Sacroiliac Joint Pain

An Overview of Sacroiliac Joint Pain and Injections

Sacroiliac Joint Pain


The sacroiliac (SI) joints of the body are where the bones of the sacrum (the tail end of the spine) and the bonds of the pelvis meet. This area is important in providing movement to the legs of the body, and help to provide support for a patient when they are standing upright. Like any other joint of the body, these sacroiliac joints are comprised of cartilage and therefore, susceptible to arthritic damage.

There are numerous other medical complications that may develop in the sacroiliac joint, including sacroiliac joint syndrome, sacroiliac joint dysfunction, sacroiliac joint inflammation, and sacroiliac joint strain. Each of these can potentially result in pain in the sacroiliac joint and can gradually become a debilitating condition requiring treatment.

The human body has two sacroiliac joints.

The human body has two sacroiliac joints.

Causes of Sacroiliac Joint Pain


The sacroiliac joint, just as the other body joints, have a layer of cartilage shielding the bone. This cartilage is not only a shock absorber but also assists in providing movement by having as a smooth surface for the joints to move against one another. In the event that the cartilage is worn out or damaged, which can occur naturally over time, the bones will begin to rub against each other. This may potentially result in osteoarthritis (degenerative arthritis).

Arthritic damage in this fashion is one of the most common causes of sacroiliac joint pain. Pregnancy can be another cause. During this period, the hormones that are released to prepare the woman’s body for the impending childbirth cause the ligaments to relax. These relaxed ligaments allow for increased joint movements, which can result to abnormal levels of wear and stress from excess movement. The altered gait and additional weight associated with pregnant women add can extra stress on these joints as they struggle to support the body. Any alteration on the normal walking may increase the stress on the SI joints. These may include discrepancies in leg length, or pain in the knee, foot, or ankle.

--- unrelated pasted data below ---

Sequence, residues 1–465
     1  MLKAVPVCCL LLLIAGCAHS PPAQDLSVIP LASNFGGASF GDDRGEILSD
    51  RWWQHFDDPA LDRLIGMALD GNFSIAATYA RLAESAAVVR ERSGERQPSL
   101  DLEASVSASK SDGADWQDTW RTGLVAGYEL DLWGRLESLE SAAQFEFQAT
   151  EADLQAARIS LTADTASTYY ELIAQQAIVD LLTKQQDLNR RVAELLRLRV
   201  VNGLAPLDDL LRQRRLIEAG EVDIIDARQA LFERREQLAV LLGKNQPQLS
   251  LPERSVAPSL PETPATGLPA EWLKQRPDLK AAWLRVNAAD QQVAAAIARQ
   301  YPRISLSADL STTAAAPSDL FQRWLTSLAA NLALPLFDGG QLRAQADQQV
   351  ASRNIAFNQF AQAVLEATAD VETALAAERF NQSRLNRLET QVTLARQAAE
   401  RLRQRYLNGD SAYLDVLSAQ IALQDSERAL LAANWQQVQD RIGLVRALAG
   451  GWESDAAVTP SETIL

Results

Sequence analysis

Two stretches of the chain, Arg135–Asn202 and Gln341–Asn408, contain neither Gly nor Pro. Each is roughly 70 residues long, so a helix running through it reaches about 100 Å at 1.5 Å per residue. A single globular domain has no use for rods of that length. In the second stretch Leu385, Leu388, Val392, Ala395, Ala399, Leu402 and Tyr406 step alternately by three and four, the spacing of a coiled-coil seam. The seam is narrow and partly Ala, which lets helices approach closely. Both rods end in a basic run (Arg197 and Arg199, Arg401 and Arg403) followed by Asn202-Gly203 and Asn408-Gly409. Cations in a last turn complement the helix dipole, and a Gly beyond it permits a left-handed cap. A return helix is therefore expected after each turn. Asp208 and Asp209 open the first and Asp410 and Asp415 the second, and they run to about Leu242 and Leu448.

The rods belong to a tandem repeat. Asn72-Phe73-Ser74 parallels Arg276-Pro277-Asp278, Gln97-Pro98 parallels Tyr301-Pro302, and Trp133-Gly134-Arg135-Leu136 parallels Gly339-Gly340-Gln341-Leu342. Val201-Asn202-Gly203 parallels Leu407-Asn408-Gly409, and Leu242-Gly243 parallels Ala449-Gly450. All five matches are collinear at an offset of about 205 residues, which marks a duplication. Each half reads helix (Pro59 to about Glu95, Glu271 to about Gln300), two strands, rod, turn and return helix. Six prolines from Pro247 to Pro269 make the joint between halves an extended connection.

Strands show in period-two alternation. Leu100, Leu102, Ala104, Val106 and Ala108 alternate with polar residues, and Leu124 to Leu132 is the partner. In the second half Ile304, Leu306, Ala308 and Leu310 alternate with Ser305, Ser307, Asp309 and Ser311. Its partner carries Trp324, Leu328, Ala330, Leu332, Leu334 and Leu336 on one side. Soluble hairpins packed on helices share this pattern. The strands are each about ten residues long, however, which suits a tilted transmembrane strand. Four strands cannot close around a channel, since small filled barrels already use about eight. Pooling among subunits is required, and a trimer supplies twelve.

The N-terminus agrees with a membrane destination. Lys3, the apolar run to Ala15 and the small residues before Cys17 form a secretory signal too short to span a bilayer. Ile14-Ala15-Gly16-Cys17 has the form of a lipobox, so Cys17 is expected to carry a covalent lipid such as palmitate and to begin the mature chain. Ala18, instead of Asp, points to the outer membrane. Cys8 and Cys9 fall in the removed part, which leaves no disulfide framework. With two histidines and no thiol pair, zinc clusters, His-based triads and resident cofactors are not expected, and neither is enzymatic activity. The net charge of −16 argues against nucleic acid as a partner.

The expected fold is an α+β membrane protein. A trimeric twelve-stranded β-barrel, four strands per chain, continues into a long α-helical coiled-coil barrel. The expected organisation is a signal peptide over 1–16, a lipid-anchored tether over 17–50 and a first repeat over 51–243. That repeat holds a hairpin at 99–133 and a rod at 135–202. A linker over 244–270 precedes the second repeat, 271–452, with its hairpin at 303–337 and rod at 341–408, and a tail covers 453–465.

Symptoms of Sacroiliac Joint Pain


The most common symptom is intense pain at the lower back, or at the rear part of the hip, with similar pain potentially experienced in the thighs and the groin region. Physicians can perform some specialized tests to aid in the isolation of the source of pain. Typically, the pain becomes worse with walking and standing, and improves when sitting or lying down as this reduces the amount of weight placed on the joint. Arthritis and inflammation in the joints can also result in burning sensations and stiffness within the pelvis.

SI joint arthritis

SI joint arthritis

Diagnosis of Sacroiliac Joint Pain


The initial step in the diagnosis of SI joint pain is generally a physical exam and an assessment of the patient’s medical history. Physicians will ask questions to determine what underlying disorders are causing the pain. This is critical in differentiating pain emanating from hips, lumbar spine, or SI joints. X-rays (radiographs) are used to exclude some possibilities which are likely to mimic sacroiliac pain. CT (computer tomography) and MRI (Magnetic Resonance Imaging) are the most precise approaches in diagnosing SI joint pain, along with the injection on the pain areas.

Treatment of Sacroiliac Joint Pain


Joint Injections not only provide diagnosis but also treatment. The pain duration following the injection can last for a period of twenty-four hours, after which the medication injected should take effect and provide relief for the next few months. The injection is to be repeated at a frequency of once per every twelve months for a duration of three years. Often, oral medications are effective in the relief of pain as well.

If you or a loved one is suffering from Sacroiliac Joint Pain and would like more information, contact Consultants in Pain Medicine today. The practice has a Double Board Certified pain management doctor accepting over 50 insurance plans at multiple locations.


Call (210) 202-4030 for more information and scheduling with pain management SA trusts!